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Cold weather makes for tough fishing

Feb. 24, 2014 at 1:01 a.m.
Updated Feb. 23, 2014 at 8:24 p.m.

Chad Goyen is shown holding up an 8-pound, 29 -inch trophy trout he caught using a Fat Boy Corky on a recent fishing trip to Baffin Bay.

Hello, anglers!

It is great to be back talking about what I love to do most, and that is fishing up and down the Texas Coast.

Mother Nature has definitely gone from one extreme to the other in the past 30 days. The middle of January saw water temperatures vary from consistently between the mid-40s to barely breaking the 50-degree mark. This past Thursday, water temperatures reached as high as 71 degrees.

It is easier to find bigger trout in the Baffin Bay area with cold water present, but now, you have to hunt a little harder.

Let's talk about some interesting old news.

My hat goes off to Tommy Hartung, who put on two first-class trout tournaments a few weeks ago at Marker 37, east of Corpus Christi.

Unfortunately for those who fished, the conditions were terrible.

Both tournaments were scheduled as two-day events. However, because the weather was so bad the first day of the first tournament, it had to be cancelled. The weather was better the second day, but only a small percentage of fish were weighed in because of extreme cold water temperatures.

My son Daniel and I had signed up to fish the second tournament, hoping for better conditions. The first event was for amateurs only, but the second event was for guides and amateurs.

An excellent rule that worked in this tournament was making the entry fee deadline a week before the Friday night meeting. By doing this, everyone had to fish whatever conditions were present rather than waiting until the last minute to see what the weather was going to be like. A total of 46 teams had already signed up.

I always like to fish the big trout tournaments that are in and around the bays I normally fish, and this event would be no exception.

As my son and I were driving to the captains' meeting- which was being held at a nice restaurant at the foot of Bob Hall Pier - we were extremely cold and wondering if the conditions were going to improve the next day.

Guess what? They didn't.

They got worse.

There we were at 6 a.m. the following day. We were idling in the intercostal canal along with 46 other diehard teams, waiting for our number to be called.

Daniel and I looked at each other, and we were both wondering: "How insane are we?"

We were both wearing so many clothes under our Simms waders that if we fell out of the boat or stepped in a hole, it could be fatal. Every inch of our body was covered with some type of clothing. Even our eyes were covered with amber-clear glasses.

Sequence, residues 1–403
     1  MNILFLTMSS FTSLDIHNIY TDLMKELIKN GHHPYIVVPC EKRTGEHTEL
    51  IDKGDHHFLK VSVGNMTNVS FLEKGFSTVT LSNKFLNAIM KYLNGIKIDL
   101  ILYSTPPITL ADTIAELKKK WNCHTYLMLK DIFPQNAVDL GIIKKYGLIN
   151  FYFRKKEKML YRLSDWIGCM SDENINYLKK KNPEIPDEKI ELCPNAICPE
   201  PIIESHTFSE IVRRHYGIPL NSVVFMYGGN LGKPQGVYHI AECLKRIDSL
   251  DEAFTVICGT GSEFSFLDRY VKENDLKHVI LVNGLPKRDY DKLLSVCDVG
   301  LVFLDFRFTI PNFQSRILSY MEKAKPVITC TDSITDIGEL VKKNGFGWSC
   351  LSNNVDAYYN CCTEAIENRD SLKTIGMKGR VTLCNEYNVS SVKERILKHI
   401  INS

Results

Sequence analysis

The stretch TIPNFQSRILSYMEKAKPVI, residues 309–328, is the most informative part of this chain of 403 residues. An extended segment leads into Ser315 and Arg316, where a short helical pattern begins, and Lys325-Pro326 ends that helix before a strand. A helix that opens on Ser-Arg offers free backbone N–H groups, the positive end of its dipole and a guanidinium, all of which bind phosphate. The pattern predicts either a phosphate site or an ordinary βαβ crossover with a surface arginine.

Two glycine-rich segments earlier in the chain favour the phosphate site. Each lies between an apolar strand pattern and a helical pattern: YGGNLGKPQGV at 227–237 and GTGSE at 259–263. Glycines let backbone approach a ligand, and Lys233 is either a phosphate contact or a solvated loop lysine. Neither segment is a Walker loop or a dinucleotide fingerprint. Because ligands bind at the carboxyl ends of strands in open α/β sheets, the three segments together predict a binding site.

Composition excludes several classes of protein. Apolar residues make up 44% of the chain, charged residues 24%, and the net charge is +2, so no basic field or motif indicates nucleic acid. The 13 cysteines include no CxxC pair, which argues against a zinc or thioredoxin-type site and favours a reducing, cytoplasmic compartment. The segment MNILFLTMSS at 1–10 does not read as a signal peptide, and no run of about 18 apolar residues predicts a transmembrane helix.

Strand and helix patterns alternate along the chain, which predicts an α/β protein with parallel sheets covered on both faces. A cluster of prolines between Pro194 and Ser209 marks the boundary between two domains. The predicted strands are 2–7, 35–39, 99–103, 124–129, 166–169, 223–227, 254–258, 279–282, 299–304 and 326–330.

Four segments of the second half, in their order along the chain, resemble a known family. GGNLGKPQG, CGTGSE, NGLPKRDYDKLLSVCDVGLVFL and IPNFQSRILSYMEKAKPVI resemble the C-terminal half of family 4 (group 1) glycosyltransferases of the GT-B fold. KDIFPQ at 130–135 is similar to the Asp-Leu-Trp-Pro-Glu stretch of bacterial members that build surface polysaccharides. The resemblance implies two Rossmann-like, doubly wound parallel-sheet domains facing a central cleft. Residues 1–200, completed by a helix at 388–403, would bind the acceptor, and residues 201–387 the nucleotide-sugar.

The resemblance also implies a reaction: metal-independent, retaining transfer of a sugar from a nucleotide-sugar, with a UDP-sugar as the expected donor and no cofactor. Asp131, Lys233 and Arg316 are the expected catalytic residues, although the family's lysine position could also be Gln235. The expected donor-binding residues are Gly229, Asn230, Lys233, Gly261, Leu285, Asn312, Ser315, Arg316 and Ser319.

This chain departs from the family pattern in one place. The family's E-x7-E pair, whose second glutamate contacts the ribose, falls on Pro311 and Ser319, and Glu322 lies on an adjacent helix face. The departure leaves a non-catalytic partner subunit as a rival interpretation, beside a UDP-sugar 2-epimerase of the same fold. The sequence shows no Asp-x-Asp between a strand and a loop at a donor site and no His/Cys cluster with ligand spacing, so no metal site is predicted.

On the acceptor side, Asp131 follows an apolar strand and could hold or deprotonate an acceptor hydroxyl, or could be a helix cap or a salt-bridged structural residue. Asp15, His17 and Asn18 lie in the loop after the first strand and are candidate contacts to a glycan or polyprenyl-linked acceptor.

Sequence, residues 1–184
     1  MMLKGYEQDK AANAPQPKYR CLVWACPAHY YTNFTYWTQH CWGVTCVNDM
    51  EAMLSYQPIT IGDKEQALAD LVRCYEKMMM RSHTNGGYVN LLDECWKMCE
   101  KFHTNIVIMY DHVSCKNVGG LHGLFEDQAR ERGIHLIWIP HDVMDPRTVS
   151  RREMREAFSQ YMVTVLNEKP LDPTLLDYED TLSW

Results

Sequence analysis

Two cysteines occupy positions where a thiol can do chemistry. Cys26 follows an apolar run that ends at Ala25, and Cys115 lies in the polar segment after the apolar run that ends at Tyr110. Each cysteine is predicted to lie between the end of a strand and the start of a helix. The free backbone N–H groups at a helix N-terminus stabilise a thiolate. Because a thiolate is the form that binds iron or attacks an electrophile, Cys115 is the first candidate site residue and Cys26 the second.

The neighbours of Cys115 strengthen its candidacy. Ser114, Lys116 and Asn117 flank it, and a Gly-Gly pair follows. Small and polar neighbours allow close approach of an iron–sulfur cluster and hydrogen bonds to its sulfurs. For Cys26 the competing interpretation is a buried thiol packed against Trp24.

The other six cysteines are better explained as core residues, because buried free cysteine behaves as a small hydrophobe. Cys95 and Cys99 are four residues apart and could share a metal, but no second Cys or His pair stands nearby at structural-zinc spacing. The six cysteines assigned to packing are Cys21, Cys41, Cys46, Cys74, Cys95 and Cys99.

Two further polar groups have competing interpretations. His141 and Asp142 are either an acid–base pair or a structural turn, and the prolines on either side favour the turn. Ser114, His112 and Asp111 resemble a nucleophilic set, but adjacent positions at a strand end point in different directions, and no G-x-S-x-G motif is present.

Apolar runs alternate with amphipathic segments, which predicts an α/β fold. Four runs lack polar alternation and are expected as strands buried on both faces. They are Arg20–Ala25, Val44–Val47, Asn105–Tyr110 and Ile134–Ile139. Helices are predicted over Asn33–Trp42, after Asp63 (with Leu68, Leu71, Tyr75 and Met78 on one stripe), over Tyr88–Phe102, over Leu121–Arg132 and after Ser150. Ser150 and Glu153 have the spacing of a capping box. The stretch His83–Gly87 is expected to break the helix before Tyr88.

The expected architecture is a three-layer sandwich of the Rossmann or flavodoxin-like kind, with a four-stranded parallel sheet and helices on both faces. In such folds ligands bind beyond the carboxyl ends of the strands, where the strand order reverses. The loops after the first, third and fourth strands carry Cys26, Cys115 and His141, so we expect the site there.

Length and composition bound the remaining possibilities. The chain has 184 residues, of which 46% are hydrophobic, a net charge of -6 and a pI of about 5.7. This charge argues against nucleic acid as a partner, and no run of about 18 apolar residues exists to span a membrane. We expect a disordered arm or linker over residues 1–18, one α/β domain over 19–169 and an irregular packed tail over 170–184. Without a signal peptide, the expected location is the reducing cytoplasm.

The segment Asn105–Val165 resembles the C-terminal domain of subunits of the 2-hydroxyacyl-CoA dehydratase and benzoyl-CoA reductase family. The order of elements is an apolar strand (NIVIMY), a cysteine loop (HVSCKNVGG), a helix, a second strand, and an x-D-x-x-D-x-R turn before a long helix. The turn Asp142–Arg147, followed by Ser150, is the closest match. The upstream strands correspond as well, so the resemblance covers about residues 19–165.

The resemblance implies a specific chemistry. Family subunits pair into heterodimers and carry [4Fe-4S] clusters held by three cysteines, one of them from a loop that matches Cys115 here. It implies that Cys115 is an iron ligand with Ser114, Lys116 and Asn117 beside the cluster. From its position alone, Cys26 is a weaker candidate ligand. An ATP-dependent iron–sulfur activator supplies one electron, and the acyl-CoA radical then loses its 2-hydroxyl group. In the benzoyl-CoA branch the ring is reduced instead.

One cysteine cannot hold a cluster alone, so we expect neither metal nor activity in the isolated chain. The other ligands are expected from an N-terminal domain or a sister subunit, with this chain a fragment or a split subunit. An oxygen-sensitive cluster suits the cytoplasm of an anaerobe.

The outside temperature was 34 degrees with a light mist and a north wind that was blowing at least 25 miles per hour. The water temperature was 42 degrees.

Can you believe we fished in this type of weather?

The only thing that was helping keep us warm was the adrenaline that continued to rise right before our number was called. When it was time to take off, we headed down the intercoastal to the badlands in Baffin Bay at just under 60 miles per hour. Boats were passing us on each side. With a 25 mph wind at our backs and with a 60 mph wet wind in our faces, we were miserable.

The trip from Marker 37 to our first stop was right at 28 miles. We finally got to the area we wanted to fish.

The two front fingers on each of my hands are numb. Ever tie a lure on without the use of your main fingers?

We finally jumped into the 42-degree water with high hopes. This area has produced numerous big trout this year but very rarely in temperatures under 43 degrees.

However, there was hope. The weatherman said air temperatures would be in the mid- to upper-40s with possible sun by noonish.

I do not know what party the local weathermen and women went to the night before, but it must have been mind-altering. The outside temperature never got above 34 degrees, and we did not see the sun but for one hour around 2 p.m. the following day.

As we were both wading in soft mud in waist-deep water, I realized that my gloves were getting wet. I had three pairs of gloves on, and my fingers were still numb.I looked down at my net floating in the water beside me and actually wondered if I really wanted to dip my hand down in the water to grab the handle to net a fish.

All tournament fishermen, when fishing live weigh-in tournaments, use floating styrofoam with a net attached beneath. This helps keep the fish alive before transferring them to the live well in the boat.

I now realize I could have put my net on top of my floating dew net. Then, if I grabbed the handle, my hand would not have gotten wet.

To make a long story short, we stayed in the water at least 41/2 hours throwing corkys and Bass Assassins without a bite. We then went to deep water and fished in the channels with no luck. We headed back to the boat ramp without even a bite, wondering how the other teams came out.

We found out later that on the first day, only eight teams weighed in a fish, with four teams weighing in one smaller fish (trout).

The second day, the weather was much nicer, but the water temperatures never got above 44 degrees.

The same eight teams that weighed in a fish the first day weighed in a fish the second day.

Our team, along with 37 others, got skunked. The teams that caught fish definitely deserved it.

Thanks go to Hartung for a great tournament with a great turnout.

This was the toughest tournament that Daniel and I had ever fished as far as cold-water temperatures are concerned.

There is still one thing I know: I would do it again tomorrow because as I have said before, it is my passion.

Danny Goyen is an outdoor writer and speaker. He has been guiding on the Texas Coast for more than 27 years.

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